The result of two strings being joined together with the (join [] []) block.
Strings are sequences of binary-encoded computer characters, including spaces. More commonly known as letters and numbers, they can be of any length, though in certain circumstances they are limited to 10,240 characters,[1] may include any typable character, and can be put to work in certain blocks, mostly found in the Operators section. String support was added in Scratch 1.4.[2]

Example Strings

Below are some examples that express the theoretically infinite range of strings.

  • A string
say [Hello world!]
  • Addressing a user by their username
when gf clicked
say (join (join [Hi, ] (username)) [!])
  • A string with a variable inside
when gf clicked
if <(score) < (3)> then
say (join (join [Your score was ] (score)) [. Better luck next time!])
else
say (join (join [Your score was ] (score)) [! Keep it up!])
  • The empty string or null string is a string with no characters
set [test v] to [] // Empty
set [test v] to (join (test) [a]) // Now test is "a"

Blocks that can Handle Strings

Several blocks use strings; below is a full list. Click on a block to learn more about it.

Reporter Blocks Involving Strings

Stack Blocks Involving Strings

String or Number?

In Scratch, strings are casted into 0 when put into a number slot. This can only be done by using the (variable), (answer), or (item ( v) of [ v]) blocks. However, sometimes a string is not wanted in a number insert, such as in an OS clock. This is a simple script that detects whether or not something is a string or a number:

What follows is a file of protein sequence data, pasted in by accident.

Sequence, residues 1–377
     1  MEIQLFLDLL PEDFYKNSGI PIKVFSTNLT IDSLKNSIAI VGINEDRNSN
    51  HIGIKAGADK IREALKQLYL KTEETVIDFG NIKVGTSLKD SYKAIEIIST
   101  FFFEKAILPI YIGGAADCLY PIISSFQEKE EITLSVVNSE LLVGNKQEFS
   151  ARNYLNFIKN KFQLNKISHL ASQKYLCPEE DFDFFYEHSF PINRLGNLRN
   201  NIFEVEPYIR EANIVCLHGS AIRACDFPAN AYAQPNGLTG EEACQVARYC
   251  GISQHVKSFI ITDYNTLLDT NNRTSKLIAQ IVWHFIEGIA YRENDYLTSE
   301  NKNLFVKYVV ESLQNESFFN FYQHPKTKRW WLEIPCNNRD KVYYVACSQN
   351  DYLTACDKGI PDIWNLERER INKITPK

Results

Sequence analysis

if <<((reporter) + (1)) = [1]> and <not <(reporter) = [0]>>> then//Strings have a reporter value of 0
say [String!]
else
say [Number!]
end

Alternatively, in BYOB, the block <is [] a [number/text]?> can be used.

Technicality

All data a computer reads is encoded into binary code, or a series of "1"s and "0"s. Each individual "1" or "0" is called a bit and 8 of these make up a byte. Different sequences of bits and bytes resemble codes for different standardized letters. This is known as an encoding, or the uniform way of breaking down letters into sequences of numbers. Different encodings use different amounts of bits for each letter, and it all depends on how many characters would be available for a single, uniform encoding.

In Scratch, a string is simply a series of encoded letters that is parsed with a particular decoder. A string of text is read by the computer as plain text as opposed to compiled code for the instructions to a central processing unit.

Character Limit

Although the maximum length of a string is not known, it is noteworthy that strings are limited in length when using the (join [] []) block, which can return a string with at most 10240 characters. This is a feature only of the join block — strings can be longer than 100 million characters if need be. The actual limit is not yet known, but is likely only limited by the memory space of the running computer.

See Also

References

  1. https://scratch.mit.edu/projects/24934494/
  2. http://info.scratch.mit.edu/Scratch_1.4_Release_Notes